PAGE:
By William Patalon III
Money Morning/The Money Map Report
The U.S. House of Representatives approved a $14 billion federal loan package for Detroit's embattled "Big Three" late yesterday (Wednesday), overcoming Republican opposition in the House but leaving the bill to face an uncertain fate in a hostile Senate.
The bailout package bill for General Motors Corp. (GM), Ford Motor Co. (F) or Chrysler LLC was passed by House lawmakers by a vote of 231-170. Democrats said they reached agreement with the White House on the details of the plan yesterday.
"If we do nothing, we take the risk that, sometime soon, there'll be no American automobile industry," House Majority Leader Steny Hoyer, D-Md., told MarketWatch.com.
The $14 billion is a long way from the $34 billion now being sought by the Big Three. And that $34 billion was well in excess of the $25 billion in loans the carmakers said they would need. Of the three companies, GM and Chrysler are in the greatest need of cash. Ford says it is seeking a long-term line of credit and doesn't need money in the short term.
The House bill, if enacted, would do several things. It would:
- Grant the U.S. government warrants for nonvoting stock equal to 20% of the value of the loan it makes to each company.
- Create a White House-chosen "car czar," an appointee empowered to hold the companies accountable for developing long-term viability plans. The czar would be able to require immediate repayment of the loans if the companies don't make adequate progress by Feb. 15.
- Require GM, Ford and Chrysler to submit "final" restructuring plans by March 31.
- End such financial standard fare as dividends for shareholders and "golden parachutes" and bonuses for executives - in the interest of conserving cash.
House Speaker Nancy Pelosi, D-Calif., said the bill is "tough love" for the industry but offers the Big Three "a chance to get back on track."
The Bush Administration said yesterday that the "car czar" would have the power to revoke the loans and develop a new plan - including one that would have the Big Three seek Chapter 11 bankruptcy protection if the carmakers don't make progress toward long-term viability by March 31.
"If there's not a plan that makes these firms viable, the government gets its money back," Joel Kaplan, deputy White House chief of staff for policy, told reporters.
Senate Banking Committee Chairman Christopher Dodd, D-Conn., unveiled a bill similar to the House measure late yesterday. A vote in the Senate may not come until the weekend, Senate Majority Leader Harry Reid, D-Nev., said yesterday. Congress has been working on this for several weeks.
Shares of GM closed at $4.60 each yesterday, down 2%. Ford shares advanced 2 cents, or 0.62%, to close at $3.25. Chrysler is privately held, with private-equity firm Cerberus Capital Management LP holding a controlling interest. Before Cerebrus bought it, Chrysler had spent years as part of Germany's Daimler AG (DAI).
Throughout the day yesterday, House and Senate Republicans repeatedly said that a Big Three bailout wouldn't lead to a long-term viability or competitiveness for GM, Ford and Chrysler. In fact, U.S. Sen. Richard Shelby, R-Ala., who is the ranking GOP player on the Senate Banking Committee, vowed to block the legislation with a filibuster.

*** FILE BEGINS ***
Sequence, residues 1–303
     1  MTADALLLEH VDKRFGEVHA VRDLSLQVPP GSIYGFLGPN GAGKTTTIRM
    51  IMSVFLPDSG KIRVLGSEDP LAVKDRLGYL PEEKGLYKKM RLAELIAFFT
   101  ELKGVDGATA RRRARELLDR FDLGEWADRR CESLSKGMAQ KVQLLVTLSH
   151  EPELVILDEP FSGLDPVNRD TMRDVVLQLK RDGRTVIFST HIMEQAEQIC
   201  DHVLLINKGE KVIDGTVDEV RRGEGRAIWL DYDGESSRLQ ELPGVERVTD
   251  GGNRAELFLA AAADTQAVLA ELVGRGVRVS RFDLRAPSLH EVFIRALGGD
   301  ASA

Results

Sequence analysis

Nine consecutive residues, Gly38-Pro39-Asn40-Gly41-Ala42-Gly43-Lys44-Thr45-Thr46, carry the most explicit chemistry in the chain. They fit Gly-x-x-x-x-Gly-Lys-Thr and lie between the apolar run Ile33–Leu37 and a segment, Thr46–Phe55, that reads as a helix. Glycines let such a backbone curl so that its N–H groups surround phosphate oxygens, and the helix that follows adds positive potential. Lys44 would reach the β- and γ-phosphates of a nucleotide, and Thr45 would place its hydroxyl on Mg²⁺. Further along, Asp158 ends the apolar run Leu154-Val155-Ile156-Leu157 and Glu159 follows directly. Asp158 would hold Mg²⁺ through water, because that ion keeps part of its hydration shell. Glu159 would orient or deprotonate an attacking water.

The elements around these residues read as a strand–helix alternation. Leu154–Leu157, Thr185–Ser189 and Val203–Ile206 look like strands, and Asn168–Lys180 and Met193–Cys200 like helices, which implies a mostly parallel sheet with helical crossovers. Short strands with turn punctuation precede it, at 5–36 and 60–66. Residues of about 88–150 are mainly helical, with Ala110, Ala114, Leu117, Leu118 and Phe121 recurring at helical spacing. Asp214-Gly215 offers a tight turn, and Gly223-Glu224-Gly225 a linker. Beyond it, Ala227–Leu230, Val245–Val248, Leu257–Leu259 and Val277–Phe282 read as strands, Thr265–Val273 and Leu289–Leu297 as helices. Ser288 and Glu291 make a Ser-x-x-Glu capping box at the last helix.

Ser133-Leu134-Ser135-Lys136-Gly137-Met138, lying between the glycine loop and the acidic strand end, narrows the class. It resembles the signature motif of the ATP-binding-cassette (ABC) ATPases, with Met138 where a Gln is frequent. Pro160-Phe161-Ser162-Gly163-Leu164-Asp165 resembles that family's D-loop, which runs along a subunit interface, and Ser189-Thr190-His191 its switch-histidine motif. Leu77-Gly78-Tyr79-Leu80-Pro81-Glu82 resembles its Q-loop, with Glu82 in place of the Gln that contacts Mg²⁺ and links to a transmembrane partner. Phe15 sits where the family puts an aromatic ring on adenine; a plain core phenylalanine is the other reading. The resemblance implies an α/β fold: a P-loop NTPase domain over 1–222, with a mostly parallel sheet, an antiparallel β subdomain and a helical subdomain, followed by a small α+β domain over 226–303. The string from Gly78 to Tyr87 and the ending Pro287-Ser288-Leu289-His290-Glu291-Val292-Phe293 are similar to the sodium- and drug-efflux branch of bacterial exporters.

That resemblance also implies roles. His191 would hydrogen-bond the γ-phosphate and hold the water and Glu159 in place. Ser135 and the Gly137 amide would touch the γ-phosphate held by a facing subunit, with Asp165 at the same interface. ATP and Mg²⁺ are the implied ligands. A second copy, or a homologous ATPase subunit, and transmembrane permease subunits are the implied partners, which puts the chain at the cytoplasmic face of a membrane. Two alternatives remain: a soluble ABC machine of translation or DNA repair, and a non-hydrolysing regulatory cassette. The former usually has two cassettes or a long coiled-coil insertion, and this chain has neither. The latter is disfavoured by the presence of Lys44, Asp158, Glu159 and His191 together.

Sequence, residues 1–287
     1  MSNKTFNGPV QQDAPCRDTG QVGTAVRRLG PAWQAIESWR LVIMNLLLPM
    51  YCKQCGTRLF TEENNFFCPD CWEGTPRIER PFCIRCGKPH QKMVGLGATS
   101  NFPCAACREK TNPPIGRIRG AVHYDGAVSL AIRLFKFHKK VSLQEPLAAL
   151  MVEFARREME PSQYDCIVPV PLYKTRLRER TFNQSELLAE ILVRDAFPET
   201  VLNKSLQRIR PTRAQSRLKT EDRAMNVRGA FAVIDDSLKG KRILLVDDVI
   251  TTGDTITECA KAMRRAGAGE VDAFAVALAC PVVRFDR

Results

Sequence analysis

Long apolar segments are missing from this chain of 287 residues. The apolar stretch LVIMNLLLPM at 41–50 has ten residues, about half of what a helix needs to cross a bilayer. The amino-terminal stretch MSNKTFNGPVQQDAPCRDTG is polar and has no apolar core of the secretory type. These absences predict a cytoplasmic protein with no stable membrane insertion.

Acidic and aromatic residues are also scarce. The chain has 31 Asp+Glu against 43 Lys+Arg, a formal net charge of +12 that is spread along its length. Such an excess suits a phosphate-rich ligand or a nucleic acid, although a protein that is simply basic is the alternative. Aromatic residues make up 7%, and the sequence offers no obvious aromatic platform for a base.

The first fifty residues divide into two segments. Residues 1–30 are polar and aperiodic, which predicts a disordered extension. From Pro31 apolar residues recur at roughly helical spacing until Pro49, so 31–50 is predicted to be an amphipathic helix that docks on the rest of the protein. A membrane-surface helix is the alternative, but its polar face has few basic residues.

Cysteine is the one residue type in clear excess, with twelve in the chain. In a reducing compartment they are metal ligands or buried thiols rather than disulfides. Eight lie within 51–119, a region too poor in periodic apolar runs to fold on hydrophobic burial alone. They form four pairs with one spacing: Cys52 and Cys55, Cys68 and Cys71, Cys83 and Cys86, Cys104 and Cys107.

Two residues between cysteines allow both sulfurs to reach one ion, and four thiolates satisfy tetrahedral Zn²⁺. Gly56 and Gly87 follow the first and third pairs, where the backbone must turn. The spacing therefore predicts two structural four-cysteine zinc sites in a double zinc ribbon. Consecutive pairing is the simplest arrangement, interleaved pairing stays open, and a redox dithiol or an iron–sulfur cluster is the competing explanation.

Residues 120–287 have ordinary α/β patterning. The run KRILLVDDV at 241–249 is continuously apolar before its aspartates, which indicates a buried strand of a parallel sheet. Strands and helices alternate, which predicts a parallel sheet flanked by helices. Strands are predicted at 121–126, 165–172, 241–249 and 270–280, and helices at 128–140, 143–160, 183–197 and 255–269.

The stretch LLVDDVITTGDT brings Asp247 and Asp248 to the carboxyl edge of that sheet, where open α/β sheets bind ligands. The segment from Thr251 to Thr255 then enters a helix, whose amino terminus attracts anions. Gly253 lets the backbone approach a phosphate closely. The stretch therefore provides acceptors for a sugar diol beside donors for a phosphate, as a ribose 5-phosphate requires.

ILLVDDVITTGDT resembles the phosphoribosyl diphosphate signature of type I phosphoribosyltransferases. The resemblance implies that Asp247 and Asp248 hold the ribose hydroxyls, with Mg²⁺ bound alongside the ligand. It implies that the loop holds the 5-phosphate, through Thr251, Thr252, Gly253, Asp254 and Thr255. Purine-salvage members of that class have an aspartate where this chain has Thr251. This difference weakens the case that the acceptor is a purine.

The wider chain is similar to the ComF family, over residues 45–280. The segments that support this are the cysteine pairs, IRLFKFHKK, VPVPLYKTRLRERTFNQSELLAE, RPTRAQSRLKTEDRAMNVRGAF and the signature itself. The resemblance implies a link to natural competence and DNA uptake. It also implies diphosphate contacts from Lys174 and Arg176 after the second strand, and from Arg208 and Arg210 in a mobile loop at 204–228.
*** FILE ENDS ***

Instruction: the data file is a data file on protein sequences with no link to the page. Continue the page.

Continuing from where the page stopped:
"Unless Chrysler, Ford and General Motors become lean and innovative and competitive in the marketplace, this is only delaying their funeral," Shelby told journalists yesterday.
Of course, as MarketWatch reported, Shelby's home state of Alabama has provided millions of dollars in subsidies to attract Japan's Honda Motor Co. Ltd. (ADR: HMC), South Korea's Hyundai Motor Co. (PINK: HYMLF) and the Mercedes-Benz unit of Germany's Daimler AG, to build plants that provided 48,457 jobs in 2007. The Toyota Motor Corp. (ADR: TM) factory in Huntsville, Ala., makes motors for SUVs and pickup trucks.
The Wall Street Journal reported that a breakthrough in the negotiations between the White House and Democrats came after Democrats agreed to scrap language that would have forced the carmakers to drop lawsuits challenging tough emissions limits in California and other states.
Reid told MarketWatch that that he needs 60 votes to get the plan through the Senate. A key Democrat, Finance Committee Chairman Sen. Max Baucus, D-Mon., actually came out against the bill, since it contains a tax provision he said that he opposes. Democrats control the Senate by a narrow 50-49 majority.
Dodd said the Senate bill is "a far cry from a blank check to the industry."
Said Dodd: "The legislation requires these companies to make painful, fundamental changes if they are going to be competitive internationally and viable in the long term."
News and Related Story Links:
Money Morning News Analysis:
Auto Bailout Could Have Strings Attached: Ousting CEOs, Appointing Car Czar.
Money Morning Investigative Report:
Congressional Members Hold Stakes in the "Big Three."
Money Morning News Analysis:
That $25 Billion in Loans America's "Big Three" Automakers Had Sought ... It's Now $34 Billion.
About the Author
Before he moved into the investment-research business in 2005, William (Bill) Patalon III spent 22 years as an award-winning financial reporter, columnist, and editor. Today he is the Executive Editor and Senior Research Analyst for Money Morning at Money Map Press.